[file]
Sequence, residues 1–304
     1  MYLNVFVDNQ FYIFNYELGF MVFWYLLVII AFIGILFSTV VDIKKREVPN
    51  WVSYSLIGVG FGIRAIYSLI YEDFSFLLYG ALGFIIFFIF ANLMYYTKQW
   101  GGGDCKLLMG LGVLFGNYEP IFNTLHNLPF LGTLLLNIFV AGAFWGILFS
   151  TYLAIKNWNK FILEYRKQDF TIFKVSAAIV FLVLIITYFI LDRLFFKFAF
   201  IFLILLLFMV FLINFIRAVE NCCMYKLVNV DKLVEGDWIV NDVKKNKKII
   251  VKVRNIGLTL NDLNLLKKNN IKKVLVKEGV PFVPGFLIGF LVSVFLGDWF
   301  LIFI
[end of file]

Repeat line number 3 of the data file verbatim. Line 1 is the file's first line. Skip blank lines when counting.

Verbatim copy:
    51  WVSYSLIGVG FGIRAIYSLI YEDFSFLLYG ALGFIIFFIF ANLMYYTKQW